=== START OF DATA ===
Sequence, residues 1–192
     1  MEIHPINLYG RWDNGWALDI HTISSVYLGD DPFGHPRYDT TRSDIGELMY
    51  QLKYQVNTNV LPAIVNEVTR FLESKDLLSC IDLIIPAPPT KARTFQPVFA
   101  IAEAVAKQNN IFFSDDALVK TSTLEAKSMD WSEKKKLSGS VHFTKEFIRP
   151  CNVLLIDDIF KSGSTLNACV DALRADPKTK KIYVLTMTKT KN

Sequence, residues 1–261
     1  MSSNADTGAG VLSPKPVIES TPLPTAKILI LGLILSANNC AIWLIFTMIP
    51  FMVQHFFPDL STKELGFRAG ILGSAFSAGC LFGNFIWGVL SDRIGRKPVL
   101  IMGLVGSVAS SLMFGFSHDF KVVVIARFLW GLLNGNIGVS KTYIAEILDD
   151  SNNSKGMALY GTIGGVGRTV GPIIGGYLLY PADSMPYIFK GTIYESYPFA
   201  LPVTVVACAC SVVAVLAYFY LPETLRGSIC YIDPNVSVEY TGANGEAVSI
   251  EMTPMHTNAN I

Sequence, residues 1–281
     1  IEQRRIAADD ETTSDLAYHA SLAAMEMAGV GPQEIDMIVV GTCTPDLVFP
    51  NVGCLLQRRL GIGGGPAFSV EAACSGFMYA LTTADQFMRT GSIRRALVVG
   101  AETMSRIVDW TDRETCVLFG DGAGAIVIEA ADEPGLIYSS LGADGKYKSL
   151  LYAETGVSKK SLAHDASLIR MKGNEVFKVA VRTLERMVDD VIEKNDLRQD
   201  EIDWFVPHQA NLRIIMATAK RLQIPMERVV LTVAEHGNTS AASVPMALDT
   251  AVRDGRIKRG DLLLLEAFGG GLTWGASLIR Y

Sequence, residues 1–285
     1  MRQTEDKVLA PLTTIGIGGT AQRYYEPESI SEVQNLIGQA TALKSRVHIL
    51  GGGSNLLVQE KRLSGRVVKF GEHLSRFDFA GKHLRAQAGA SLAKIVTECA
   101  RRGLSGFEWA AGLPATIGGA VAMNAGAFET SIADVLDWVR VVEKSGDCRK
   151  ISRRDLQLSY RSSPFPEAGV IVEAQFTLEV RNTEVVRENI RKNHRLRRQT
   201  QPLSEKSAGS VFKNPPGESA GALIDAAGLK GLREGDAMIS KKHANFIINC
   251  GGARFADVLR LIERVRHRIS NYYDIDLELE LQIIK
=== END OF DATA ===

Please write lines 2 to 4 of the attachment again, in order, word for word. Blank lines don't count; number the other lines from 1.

     1  MEIHPINLYG RWDNGWALDI HTISSVYLGD DPFGHPRYDT TRSDIGELMY
    51  QLKYQVNTNV LPAIVNEVTR FLESKDLLSC IDLIIPAPPT KARTFQPVFA
   101  IAEAVAKQNN IFFSDDALVK TSTLEAKSMD WSEKKKLSGS VHFTKEFIRP